Pins and Needles: Acupuncture for the Lab

What?  Charley has to have acupuncture!  A 99 lb. fur ball of energy that barks non-stop in the vet’s office! Is this vet out of her mind?  Apparently, not because it was scheduled this week and we showed up. 

It went something like this:

 I walk in this week with my canine as eager as ever to greet everyone in the waiting room area with his usual cheery self.  Cheery, in Charley’s case is tag waving so hard it is knocking everything over that is on table tops because he is so abnormally large for a lab. He is so big folks ask us, even though he looks and is a pure bred lab, “What the hell is he?”  Let me not forget that it is usually him pulling and leading me on the lead instead of the other way around though I do my share of grunting as the trainer taught me. My grunts are hard to hear over his exuberant barks!

The vet comes in, pretty quickly actually. I think she was as anxious as us to get this show on the road. This was not going to be an easy feat but she assured me it would go smooth. I noted she avoided eye contact, with me that but not the dog.  Maybe she thought she was the ‘doggie whisperer’ and could somehow spellbind Charley into being something he is not, quiet and passive.

She had a pad lying on the floor for him with a cute Christmas blanket on it, so nice and comfy. He wanted nothing to do with it. I tried to explain Christmas was right around the corner and Santa was watching, get your doggie butt down but Charley was biting.  He continued his panting, pacing, licking her face, then mine, then repeat previous steps.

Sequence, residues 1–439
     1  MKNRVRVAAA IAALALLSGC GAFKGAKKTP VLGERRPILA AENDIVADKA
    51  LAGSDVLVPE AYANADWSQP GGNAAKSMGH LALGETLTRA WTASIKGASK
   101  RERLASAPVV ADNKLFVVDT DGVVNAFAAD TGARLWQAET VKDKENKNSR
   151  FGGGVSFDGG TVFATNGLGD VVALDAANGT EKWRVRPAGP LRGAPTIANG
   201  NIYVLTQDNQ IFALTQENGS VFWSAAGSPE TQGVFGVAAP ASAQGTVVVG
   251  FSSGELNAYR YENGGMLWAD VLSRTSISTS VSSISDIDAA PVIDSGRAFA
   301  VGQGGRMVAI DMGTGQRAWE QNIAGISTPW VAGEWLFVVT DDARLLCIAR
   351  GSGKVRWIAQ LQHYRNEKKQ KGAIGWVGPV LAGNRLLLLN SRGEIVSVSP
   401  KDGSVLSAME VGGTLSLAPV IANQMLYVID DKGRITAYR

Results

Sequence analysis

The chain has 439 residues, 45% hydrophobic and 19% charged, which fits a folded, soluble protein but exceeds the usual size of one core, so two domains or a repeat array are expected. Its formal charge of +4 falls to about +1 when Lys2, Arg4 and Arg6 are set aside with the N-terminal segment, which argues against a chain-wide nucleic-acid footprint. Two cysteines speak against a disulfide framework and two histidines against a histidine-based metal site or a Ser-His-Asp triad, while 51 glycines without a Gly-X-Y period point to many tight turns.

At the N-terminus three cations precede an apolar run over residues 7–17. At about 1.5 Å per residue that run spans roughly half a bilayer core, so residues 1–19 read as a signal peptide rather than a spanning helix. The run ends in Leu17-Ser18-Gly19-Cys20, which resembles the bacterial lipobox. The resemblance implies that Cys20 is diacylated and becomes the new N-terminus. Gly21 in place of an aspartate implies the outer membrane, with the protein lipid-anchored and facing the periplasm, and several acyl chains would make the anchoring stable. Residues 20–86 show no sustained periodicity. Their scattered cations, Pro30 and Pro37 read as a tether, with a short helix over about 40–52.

Finally, she muscled him down, with help from me. She is smaller than me but he is so big that the sight of the two of us doing a takedown move on Charley was similar to the sight of a WWW wrestler being taken down by a toddler. We both were quite out matched. By the time he was down, I dare say, we were panting.

A few minutes to recover and she was ready to work. She got out her tool box of goodies. Needles and peanut butter. She gave me the container of peanut butter and told me it was frozen. I was told it was a diversion tactic. I was to let him lick on that while she stuck the pins in him. 

She said he would not feel the pins and besides, he would be too busy licking the peanut butter. All I could think of was hurry up and get those damn pins in because he is a fast eater lady! He began to lick and luck was not on my side. With the very first pin, he immediately reacted with a look backwards at her that said, that is about enough of that!  She told me I was to start talking to him like she was doing, soft and sorta non-stop chatter. So on we went, constantly talking in hushed tones to Charley who probably thought we were nuts. Heck, we were at that time except we weren’t eating the peanut butter.  

While repeatedly telling him something he has never heard so much in his lifetime, what a good boy he is, he was being inserted with pins down his spine, back legs and head. Only a few times did he budge and attempt to move. And yes, he did inhale the peanut butter abit too quickly even though it was frozen. I was supposed to make it harder to reach by flipping the paper lid down to block it somewhat.  

Determination is a powerful motivator.  My dog is determined and motivated to get peanut butter when it is within nose reach of his tongue. So that trick didn’t work so well.  His tongue is about the length of a hot dog so it was too easy to get around that silly lid.  He whipped that tongue around lickety split and lavishly licked up all that peanut butter left.